Antiphospholipid antibodies and retinal vascular disease

James P. Dunn, S. W. Noorily, M. Petri, D. Finkelstein, J. T. Rosenbaum, D. A. Jabs

Research output: Contribution to journalArticlepeer-review

43 Scopus citations


Background. Antiphospholipid antibody retinopathy is a rare and poorly defined clinical entity in which the proper diagnosis has important ocular and systemic implications. The clinical course of five patients with antiphospholipid antibody retinopathy is described and the role of such antibodies in idiopathic retinal venous occlusive disease is investigated. Methods. Five case reports are presented highlighting the presentation, course, therapy, associations and outcomes of patients with antiphospholipid antibody retinopathy. In addition, twenty additional patients presenting with idiopathic retinal venous occlusive disease were tested for the presence of antiphospholipid antibodies. Results. All five patients with antiphospholipid antibody retinopathy had diffuse retinal vascular occlusion. All five patients presented with associated rheumatologic disease, including three with lupus or lupus-like disease. Antibodies to antiphospholipid were not detected in any of the twenty patients with idiopathic retinal venous occlusive disease. Prompt pan-retinal photocoagulation together with varying regimens of corticosteroids, immunosuppressives, or warfarin was partially successful in stabilizing the ocular and systemic disease. Conclusion. The diagnosis of antiphospholipid antibody retinopathy should be suspected in patients with diffuse retinal vaso-occlusion, particularly when characterized by involvement of both arteries and veins, neovascularization at presentation, and symptoms of systemic rheumatologic disease. Antiphospholipid antibodies do not appear to play an important role in idiopathic retinal vein occlusions.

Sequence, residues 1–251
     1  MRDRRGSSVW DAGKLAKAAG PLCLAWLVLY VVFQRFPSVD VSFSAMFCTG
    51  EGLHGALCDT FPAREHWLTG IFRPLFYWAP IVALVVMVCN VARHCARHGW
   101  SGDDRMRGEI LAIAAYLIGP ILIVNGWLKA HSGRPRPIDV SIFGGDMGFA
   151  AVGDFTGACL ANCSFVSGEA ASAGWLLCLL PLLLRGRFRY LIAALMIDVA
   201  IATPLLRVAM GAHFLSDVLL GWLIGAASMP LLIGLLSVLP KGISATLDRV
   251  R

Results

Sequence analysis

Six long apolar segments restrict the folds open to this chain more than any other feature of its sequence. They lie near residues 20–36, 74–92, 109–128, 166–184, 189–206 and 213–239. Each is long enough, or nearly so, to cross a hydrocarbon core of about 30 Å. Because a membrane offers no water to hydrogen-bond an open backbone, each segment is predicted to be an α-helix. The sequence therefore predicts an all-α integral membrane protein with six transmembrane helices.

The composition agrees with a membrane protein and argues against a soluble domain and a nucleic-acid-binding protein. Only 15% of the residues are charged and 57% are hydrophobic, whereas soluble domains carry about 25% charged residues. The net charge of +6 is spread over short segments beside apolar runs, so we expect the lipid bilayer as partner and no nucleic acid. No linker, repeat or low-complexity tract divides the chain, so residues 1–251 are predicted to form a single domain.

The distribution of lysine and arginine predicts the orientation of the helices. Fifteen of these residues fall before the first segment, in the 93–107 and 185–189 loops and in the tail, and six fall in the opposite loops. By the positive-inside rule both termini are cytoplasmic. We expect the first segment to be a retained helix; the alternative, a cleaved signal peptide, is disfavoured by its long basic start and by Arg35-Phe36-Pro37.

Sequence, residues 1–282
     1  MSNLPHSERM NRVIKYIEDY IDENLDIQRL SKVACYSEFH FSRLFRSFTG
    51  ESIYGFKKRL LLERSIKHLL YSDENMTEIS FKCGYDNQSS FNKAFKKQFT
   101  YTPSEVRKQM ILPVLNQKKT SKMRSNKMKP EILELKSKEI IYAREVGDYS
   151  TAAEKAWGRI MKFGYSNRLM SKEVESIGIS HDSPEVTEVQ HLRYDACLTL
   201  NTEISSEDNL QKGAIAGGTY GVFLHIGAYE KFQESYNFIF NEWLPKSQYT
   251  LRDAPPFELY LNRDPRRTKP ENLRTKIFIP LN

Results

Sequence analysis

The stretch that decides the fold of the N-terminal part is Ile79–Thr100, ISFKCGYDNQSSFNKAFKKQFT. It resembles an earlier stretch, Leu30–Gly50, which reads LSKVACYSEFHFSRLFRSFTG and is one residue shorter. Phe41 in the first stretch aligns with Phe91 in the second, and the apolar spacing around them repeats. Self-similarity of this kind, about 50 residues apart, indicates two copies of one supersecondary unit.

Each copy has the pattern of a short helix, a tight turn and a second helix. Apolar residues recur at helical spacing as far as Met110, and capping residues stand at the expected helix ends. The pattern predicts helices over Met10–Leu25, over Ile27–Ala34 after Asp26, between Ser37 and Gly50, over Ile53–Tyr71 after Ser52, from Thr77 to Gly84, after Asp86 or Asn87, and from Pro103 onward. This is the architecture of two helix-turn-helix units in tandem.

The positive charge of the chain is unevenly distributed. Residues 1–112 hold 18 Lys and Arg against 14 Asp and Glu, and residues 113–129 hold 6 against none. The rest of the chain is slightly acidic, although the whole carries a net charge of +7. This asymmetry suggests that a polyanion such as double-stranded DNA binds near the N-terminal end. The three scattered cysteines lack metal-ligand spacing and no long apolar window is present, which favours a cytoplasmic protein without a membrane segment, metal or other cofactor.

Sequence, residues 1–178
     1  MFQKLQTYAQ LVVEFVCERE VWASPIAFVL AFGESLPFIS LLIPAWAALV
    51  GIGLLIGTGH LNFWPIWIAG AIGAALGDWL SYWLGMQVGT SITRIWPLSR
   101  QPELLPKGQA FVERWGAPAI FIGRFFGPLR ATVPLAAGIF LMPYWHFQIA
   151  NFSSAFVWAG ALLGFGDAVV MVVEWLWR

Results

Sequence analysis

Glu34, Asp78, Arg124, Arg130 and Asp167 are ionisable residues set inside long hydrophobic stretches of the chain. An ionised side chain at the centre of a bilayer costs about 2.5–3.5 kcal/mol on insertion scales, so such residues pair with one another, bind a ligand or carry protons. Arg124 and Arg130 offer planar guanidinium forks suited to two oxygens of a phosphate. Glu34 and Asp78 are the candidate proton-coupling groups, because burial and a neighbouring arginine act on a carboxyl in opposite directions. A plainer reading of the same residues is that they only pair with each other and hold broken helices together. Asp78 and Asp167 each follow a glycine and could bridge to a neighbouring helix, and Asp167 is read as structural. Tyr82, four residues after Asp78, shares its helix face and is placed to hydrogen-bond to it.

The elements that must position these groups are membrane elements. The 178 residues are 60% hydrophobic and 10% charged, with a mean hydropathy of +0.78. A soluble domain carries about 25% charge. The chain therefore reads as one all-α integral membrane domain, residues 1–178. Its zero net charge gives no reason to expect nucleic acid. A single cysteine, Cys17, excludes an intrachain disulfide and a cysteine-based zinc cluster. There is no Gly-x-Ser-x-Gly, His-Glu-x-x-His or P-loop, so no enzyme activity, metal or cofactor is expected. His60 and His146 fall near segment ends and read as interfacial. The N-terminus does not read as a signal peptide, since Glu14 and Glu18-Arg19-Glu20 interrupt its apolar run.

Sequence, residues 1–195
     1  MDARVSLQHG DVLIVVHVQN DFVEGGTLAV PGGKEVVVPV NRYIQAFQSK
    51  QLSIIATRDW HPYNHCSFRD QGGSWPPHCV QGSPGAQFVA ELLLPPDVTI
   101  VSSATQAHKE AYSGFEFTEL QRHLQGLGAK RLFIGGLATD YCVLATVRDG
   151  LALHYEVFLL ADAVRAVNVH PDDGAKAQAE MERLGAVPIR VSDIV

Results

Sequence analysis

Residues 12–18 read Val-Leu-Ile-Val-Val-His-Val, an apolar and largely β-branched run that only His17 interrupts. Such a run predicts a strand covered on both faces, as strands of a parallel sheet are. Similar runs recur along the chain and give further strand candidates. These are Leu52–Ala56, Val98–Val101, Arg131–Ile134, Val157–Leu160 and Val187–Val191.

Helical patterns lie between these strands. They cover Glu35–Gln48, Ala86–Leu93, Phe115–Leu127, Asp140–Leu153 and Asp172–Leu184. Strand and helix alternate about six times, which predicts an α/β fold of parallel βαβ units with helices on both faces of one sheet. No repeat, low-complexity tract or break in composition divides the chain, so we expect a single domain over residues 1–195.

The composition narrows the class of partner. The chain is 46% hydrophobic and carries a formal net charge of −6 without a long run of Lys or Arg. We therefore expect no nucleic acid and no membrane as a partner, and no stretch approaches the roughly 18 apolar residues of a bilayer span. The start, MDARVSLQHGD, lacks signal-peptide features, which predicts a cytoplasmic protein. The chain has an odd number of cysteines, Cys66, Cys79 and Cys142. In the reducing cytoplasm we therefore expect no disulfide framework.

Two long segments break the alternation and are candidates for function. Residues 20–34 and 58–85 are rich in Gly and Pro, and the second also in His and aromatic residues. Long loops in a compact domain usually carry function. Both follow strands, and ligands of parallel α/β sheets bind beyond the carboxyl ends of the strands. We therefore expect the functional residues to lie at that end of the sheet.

Original languageEnglish (US)
Pages (from-to)313-322
Number of pages10
Issue number4
StatePublished - 1996


  • Antiphospholipid antibody
  • Lupus anticoagulant
  • Retinal neovascularization
  • Retinal vein occlusion
  • Systemic lupus erythematosus

ASJC Scopus subject areas

  • Rheumatology


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